Crime fight gets hi-tech boost
HONG Kong police have become the first in Asia to use sophisticated equipment that can detect whether explosives or drugs have been stored in a room - even after the substances have been removed.
Search unit officers are waiting for a suitable test case to see whether evidence collected by this equipment and analysed by a computer can be accepted in court if no drugs or explosives were found at the time of the search.
The Canada-made $1.3-million Ionscan will be used to collect samples of air in premises suspected of having been used to manufacture or store drugs or explosives.
Acting Chief Inspector Linda Wong Sin-pak said: ''We are the first police force in the world to actually own the advanced equipment ourselves.'' Using a portable device with small filters, an officer collects air to see if traces of drugs or explosives remain in the room.
''The equipment is used when a police officer has a strong suspicion that someone has handled explosives or drugs in the room, although he can't see traces of it,'' Ms Wong said.
''It can detect three different types of drugs at the same time.
''The filter is then put into a computer for a three-second analysis.'' With a portable battery charger, Ionscan can work at a crime scene for eight hours.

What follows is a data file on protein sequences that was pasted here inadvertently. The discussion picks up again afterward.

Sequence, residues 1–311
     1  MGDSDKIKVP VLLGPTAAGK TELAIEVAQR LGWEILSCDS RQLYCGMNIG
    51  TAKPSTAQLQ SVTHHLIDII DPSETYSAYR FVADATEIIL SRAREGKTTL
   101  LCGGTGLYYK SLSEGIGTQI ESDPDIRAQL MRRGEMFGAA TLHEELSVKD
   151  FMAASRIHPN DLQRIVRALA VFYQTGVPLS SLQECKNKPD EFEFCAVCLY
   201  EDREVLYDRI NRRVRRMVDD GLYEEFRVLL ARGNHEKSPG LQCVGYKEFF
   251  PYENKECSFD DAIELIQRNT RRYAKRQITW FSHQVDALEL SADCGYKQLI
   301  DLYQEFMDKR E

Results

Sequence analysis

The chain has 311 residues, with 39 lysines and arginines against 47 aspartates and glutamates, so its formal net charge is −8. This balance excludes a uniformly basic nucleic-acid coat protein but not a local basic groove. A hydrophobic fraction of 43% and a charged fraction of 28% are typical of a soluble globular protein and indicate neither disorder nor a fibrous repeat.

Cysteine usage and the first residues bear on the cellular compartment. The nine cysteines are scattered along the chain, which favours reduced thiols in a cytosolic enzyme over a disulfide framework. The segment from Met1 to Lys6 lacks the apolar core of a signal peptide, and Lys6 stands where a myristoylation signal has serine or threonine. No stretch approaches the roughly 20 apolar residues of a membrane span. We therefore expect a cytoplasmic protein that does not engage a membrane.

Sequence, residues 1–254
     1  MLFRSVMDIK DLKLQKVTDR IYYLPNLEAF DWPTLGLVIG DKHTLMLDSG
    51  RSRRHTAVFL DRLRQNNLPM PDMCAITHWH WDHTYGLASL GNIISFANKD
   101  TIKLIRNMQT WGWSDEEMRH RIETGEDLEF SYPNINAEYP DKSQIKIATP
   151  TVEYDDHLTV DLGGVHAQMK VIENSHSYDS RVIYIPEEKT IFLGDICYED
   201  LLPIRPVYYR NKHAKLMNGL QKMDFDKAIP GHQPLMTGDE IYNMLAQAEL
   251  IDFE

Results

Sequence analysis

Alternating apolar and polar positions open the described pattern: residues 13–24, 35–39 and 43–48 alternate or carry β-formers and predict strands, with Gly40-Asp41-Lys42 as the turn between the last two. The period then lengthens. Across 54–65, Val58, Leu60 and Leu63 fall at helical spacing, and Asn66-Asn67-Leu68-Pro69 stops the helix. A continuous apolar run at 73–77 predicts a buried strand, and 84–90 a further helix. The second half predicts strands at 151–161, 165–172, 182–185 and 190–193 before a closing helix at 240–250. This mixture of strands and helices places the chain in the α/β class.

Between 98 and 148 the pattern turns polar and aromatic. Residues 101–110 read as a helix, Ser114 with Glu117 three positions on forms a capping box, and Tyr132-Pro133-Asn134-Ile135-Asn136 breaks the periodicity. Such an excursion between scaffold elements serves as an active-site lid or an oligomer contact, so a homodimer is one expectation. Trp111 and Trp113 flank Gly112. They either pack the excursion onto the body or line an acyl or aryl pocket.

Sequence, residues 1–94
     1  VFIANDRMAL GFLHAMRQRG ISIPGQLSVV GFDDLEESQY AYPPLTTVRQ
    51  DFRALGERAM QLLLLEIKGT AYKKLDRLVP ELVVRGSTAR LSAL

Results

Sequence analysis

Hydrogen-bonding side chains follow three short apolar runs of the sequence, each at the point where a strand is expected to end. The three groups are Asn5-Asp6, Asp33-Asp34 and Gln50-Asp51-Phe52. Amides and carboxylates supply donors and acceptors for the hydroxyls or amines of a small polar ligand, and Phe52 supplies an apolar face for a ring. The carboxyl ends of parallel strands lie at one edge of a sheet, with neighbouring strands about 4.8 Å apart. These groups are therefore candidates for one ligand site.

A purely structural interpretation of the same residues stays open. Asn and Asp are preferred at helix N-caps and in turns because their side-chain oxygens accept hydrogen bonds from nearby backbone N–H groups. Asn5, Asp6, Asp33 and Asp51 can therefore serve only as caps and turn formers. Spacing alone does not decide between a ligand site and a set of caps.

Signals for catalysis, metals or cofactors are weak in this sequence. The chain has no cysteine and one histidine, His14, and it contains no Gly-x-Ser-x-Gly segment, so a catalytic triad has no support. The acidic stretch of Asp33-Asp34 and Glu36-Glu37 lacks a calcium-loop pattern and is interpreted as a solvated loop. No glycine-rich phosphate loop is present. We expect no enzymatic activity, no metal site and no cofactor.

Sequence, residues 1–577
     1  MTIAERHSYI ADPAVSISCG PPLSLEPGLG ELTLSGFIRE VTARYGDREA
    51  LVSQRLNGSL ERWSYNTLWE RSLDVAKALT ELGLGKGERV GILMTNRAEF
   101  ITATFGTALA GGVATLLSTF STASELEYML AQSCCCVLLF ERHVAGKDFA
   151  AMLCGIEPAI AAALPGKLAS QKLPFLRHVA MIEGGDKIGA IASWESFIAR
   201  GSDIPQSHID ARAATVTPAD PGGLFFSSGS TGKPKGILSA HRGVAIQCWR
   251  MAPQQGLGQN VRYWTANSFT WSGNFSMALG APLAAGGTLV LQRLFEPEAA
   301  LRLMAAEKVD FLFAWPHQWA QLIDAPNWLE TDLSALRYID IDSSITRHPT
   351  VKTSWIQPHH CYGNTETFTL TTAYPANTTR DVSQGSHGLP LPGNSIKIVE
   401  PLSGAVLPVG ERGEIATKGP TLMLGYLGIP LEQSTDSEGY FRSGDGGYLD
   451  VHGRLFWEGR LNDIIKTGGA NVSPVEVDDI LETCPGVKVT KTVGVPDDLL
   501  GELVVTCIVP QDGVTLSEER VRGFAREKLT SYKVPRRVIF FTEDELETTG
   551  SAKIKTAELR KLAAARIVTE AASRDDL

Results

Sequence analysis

The EVD 8000, worth $700,000, is another device that can detect up to three types of explosives.
It takes a minute to determine whether air samples contain explosives or chemicals used to make a bomb.
The search police unit was set up in 1990 to take over the British Garrison's role in searching for firearms and explosives.
More than 120 police volunteers have been trained since 1992 to conduct systematic searches of crime scenes or venues to be used by visiting dignitaries.
Search unit commander Superintendent Colin Thornborrow, a former London policeman, said it was after the Brighton explosion in 1984 that British police began to look seriously into systematic anti-terrorist floor sweeps.
The then British prime minister, Lady Thatcher, narrowly escaped death when the IRA planted a bomb in the hotel where she and other top Conservative Party members were staying during the 1984 party convention.
''We are enhanced by the experience in the United Kingdom and other countries where authorities could not bring forward convictions due to contaminated evidence,'' Mr Thornborrow said.
''Hopefully, if evidence is challenged [in Hong Kong courts] we can rebut the challenge by using the results of the computer analysis.'' Mr Thornborrow joined the Hong Kong police in 1977 and was appointed in 1988 to form the search unit. He had attended courses in the UK on counter-terrorist searches and had field experience in Northern Ireland.
Apart from metal detectors and vehicle search mirrors, the unit has bought six springer spaniels from England to search for bombs.
Mr Thornborrow said the dogs were fast and could get into cramped places such as narrow ditches.